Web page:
Pioneer of Australian industrial design Charles Furey has passed away at the age of 92.
June 3rd, 2009
A champion of industrial design in Australia before it even existed here, Charles Furey assisted in the birth of the profession. A staunch advocate of ergonomics and of products designed to last, his work and the contribution he has made, have become part of our lives.
While product design as a practice developed out of the industrial revolution, it was the 20th Century growing focus on design that brought dramatic changes to life and style in the Western World. In the early years, however, Australia remained a distant and artless outpost.
Prior to the expansion of industry during and after WWII, there had been limited mass manufacturing in Australia, and designers were virtually unknown.
Products that were made here were usually copied from designs either sourced directly from overseas or, perhaps, admired in glossy magazines or catalogues. Occasionally, items were manufactured under license.
While design as a practice was thriving in Europe and the ‘streamlined’ style was surging through America, the notion of the industrial designer in Australia was yet to be realised.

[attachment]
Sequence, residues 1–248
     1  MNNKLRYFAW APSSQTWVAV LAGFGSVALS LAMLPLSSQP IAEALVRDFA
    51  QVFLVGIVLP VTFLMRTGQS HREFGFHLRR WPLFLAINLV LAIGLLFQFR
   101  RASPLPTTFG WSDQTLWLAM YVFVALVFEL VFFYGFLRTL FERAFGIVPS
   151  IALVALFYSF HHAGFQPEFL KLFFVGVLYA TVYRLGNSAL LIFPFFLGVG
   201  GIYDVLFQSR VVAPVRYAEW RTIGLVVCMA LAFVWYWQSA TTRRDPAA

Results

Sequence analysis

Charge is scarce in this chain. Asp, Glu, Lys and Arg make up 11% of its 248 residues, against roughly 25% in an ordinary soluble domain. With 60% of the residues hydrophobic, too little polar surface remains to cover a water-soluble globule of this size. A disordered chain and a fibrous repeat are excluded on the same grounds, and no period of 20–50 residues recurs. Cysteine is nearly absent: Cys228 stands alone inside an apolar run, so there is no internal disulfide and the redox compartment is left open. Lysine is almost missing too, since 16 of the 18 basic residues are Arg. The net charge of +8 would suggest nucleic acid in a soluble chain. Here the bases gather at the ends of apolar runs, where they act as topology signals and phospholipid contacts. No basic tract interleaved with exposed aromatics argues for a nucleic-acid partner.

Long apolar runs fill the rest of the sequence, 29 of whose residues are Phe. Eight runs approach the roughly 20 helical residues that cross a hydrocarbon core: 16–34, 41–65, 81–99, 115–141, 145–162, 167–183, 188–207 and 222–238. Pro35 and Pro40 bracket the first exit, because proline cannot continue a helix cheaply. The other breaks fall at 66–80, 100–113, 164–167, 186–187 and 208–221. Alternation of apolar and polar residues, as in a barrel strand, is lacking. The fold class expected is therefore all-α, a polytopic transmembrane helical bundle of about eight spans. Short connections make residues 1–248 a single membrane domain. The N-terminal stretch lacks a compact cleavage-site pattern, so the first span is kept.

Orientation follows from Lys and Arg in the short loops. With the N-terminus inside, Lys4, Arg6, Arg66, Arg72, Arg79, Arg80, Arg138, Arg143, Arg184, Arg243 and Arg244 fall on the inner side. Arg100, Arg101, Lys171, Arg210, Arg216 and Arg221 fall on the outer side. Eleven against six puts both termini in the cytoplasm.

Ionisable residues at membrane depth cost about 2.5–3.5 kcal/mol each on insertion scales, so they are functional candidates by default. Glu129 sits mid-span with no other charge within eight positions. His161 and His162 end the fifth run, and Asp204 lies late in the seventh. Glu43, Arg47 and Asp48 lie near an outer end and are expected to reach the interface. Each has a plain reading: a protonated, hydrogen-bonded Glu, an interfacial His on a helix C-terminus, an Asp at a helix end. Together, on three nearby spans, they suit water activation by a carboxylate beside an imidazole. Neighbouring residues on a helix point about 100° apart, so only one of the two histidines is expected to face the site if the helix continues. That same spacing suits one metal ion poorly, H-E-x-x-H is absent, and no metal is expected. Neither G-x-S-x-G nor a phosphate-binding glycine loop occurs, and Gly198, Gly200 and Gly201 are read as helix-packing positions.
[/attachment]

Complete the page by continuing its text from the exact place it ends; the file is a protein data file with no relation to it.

But as the manufacturing industries developed so did design. It could be said that industrial design officially began in Australia in 1947 in Melbourne, when a handful of dedicated practitioners keen to promote the awareness and appreciation of good design formed The Society of Designers for Industry (SDI).
Among them was Charles Furey. As another of these design pioneers Ron Rosenfeldt wrote, the post-War period was a time full of optimism and confidence.
“We all believed that good design, honest design, was part of the way to a better world.” And it was this fundamental belief in the value of design that continued to motivate Furey throughout his career to “make our surroundings as pleasant as possible for the enjoyment of life.”
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